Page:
Taxpayers couldn't help but be impressed by Democratic criticism of the Republican fiscal foolishness during the last election campaign. The Democrats solemnly promised to restore budgetary discipline. But it looks like they were just kidding.
It seemed counterintuitive that Democrats would be the party to put the fiscal house in order. But there was one good reason to think that this time the leopard really might change his spots. It would have been so cool politically. The Republicans had alienated their base by their wild overspending, especially on earmarks. There were thousands of bridges to nowhere that were disgusting and embarrassing.
The Democrats could have executed a flanking maneuver by establishing themselves as the taxpayers protector. They could have captured much of the traditional Republican support and gone a long way towards consigning Republicans to another lengthy stint as the minority party.
They knew it, too. Democratic leaders campaigned not to raise taxes. They agreed to eliminate 10,000 earmarks proposed by the previous Congress in the 2007 budget and institute an earmarks moratorium. Pay-as-you-go budget rules were established. Although some worried that this was really tax-as-you-go, the Democrats seemed sincere about following up on their campaign promises.
The wheels fell off with the passage of the defense supplemental appropriation. This kind of bill tests the willpower of pork-craving politicos. It is a must pass bill that normally wont be vetoed. It is also an emergency measure, so any spending in the bill doesn't count against the budgetary caps on discretionary spending. That inside-the-Beltway stuff doesn't matter to us but it does to them.
So how did the Democratic leadership do on this first real test of their new fiscal policies? They didn't even try. In fact, they openly used fat slabs of pork to round up votes for the controversial bill, which also called for a troop withdrawal from Iraq by a date certain. (As an aside, what is more absurd than telling guerrilla fighters the date on which they will win?)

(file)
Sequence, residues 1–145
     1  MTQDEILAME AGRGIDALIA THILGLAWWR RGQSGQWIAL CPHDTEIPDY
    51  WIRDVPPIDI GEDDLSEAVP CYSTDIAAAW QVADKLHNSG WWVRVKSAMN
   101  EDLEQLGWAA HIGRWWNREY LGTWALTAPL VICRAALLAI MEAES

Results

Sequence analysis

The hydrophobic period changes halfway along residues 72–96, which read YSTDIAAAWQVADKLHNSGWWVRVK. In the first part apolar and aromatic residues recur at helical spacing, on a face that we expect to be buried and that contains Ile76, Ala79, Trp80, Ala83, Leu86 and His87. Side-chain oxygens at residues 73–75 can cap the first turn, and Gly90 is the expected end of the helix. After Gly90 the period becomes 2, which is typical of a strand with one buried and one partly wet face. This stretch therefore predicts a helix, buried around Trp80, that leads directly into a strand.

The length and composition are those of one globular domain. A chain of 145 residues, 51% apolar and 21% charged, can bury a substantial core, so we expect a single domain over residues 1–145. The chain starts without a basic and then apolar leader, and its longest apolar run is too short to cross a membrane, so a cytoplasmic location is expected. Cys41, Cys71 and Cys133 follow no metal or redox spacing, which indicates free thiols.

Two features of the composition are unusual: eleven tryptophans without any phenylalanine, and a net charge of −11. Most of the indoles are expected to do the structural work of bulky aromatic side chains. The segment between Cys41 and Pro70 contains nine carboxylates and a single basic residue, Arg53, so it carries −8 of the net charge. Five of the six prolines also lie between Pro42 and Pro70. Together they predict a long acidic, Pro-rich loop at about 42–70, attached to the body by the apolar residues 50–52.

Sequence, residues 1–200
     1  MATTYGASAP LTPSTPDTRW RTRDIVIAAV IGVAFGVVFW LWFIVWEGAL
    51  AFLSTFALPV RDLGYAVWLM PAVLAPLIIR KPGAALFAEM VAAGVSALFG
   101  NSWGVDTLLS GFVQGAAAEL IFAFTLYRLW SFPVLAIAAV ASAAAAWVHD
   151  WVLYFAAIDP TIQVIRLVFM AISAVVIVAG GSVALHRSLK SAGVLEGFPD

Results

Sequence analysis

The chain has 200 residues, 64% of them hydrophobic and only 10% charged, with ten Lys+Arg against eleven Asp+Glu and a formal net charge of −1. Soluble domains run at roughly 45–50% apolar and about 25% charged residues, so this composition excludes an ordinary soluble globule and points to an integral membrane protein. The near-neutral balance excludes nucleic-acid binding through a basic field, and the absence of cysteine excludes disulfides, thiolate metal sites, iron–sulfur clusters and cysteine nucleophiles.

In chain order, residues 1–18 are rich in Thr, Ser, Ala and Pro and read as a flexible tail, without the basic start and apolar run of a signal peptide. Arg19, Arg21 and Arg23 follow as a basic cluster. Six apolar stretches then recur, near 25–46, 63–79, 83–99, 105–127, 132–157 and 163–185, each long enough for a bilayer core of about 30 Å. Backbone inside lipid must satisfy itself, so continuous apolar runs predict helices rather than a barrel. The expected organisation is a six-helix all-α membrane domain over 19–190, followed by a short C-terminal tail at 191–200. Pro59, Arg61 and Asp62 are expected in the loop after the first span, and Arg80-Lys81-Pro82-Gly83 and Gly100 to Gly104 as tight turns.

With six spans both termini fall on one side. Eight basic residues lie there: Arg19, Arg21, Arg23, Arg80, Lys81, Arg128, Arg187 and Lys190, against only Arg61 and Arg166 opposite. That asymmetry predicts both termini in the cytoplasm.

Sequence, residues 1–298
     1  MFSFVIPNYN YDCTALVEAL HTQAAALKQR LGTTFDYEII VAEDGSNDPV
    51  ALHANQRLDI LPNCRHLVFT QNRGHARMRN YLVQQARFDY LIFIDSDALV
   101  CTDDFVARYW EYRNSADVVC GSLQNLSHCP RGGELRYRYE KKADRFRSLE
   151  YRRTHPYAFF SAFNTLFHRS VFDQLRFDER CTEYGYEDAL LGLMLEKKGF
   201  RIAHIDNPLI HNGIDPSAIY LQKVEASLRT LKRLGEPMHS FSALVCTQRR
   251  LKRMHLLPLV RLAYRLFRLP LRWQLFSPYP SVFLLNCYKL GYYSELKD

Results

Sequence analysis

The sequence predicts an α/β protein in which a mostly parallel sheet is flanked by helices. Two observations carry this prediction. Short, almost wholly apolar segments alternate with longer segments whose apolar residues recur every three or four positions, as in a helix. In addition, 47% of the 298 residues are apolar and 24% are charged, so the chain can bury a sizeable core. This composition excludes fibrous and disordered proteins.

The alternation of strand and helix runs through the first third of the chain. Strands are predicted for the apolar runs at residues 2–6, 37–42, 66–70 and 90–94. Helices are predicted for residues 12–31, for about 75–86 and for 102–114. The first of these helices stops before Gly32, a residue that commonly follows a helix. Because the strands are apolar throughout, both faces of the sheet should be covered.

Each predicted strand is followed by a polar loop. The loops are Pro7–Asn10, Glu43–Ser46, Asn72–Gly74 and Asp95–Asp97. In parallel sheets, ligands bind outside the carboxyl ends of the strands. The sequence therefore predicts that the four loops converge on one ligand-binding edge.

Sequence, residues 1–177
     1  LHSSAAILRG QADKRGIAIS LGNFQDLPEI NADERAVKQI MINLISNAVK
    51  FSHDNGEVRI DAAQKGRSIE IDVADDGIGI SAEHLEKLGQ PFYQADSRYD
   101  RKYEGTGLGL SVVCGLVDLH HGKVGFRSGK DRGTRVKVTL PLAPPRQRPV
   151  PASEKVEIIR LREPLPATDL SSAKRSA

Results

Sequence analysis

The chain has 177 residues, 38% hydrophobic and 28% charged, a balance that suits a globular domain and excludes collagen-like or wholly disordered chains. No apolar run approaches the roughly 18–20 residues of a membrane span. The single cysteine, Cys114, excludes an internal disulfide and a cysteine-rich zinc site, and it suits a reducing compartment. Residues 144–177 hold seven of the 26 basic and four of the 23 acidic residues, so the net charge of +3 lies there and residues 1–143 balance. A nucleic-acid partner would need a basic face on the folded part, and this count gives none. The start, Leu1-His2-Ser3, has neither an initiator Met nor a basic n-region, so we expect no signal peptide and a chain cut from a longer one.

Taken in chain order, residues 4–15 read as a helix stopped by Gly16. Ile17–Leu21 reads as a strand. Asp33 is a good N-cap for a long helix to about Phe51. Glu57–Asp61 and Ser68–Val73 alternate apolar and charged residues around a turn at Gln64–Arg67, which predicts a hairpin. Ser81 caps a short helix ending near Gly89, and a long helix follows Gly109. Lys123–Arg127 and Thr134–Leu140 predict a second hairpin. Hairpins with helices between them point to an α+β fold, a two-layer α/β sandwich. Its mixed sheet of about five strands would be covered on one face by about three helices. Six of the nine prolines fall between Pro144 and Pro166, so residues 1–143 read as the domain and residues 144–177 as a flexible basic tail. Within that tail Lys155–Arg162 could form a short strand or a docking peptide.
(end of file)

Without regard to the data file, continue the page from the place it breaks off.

So a co-op in Hawaii got $3 million for its sugarcane emergency, $24 million went to help beet growers, $100 million for citrus growers, $74 million for peanut storage and $283 million for milk subsidies in spite of record high farm income the past three years. Shrimp farmers, NASA, even the 14 states that have irresponsibly overspent for health care, all found congressional champions willing to sponsor their entry in the $21 billion feeding frenzy.
President Bush, as always, was outraged. But he threatened a veto only if the troop withdrawal date was left in the bill, not on the grounds of unjustified special-interest spending.
What choice did he have? After years of signing off on record-busting amounts of pork when Republicans were in power, he would have looked small and partisan to change course now.
The new Congress is trying hard to go on record against earmarks while still enjoying them. In January, the Senate approved 98-0 the De-Mint rule, requiring disclosure of earmarks, as an amendment to the ethics bill. Yet that bill, unsurprisingly, is floundering in the House and the earmarks pipeline is wide open. Not only is the pork-laden defense bill sailing along, but appropriations chairs have already e-mailed members to submit their requests for nondisclosed appropriations.
Moreover, U.S. Sen. Jim DeMint, R-S.C., has been rebuffed twice in trying to bring an immediate floor vote on a rule requiring full disclosure of earmarks. That seems strange since there were 98 votes for his amendment which would have done the same thing if it had somehow survived the process of becoming law.
After DeMint's last failure, Sen. Tom Coburn, R-Okla., said, Its a sad day in the Senate because were playing games with the American people.
Hes right. Our elected leaders are trifling with us. They know what we want because they promise fiscal restraint and lower taxes during campaigns, then blow it off once the election is over. The Democrats have already released a budget requiring higher taxes to support the new spending.
The beat goes on. The only thing that matters is the next election. Maybe we should have known better.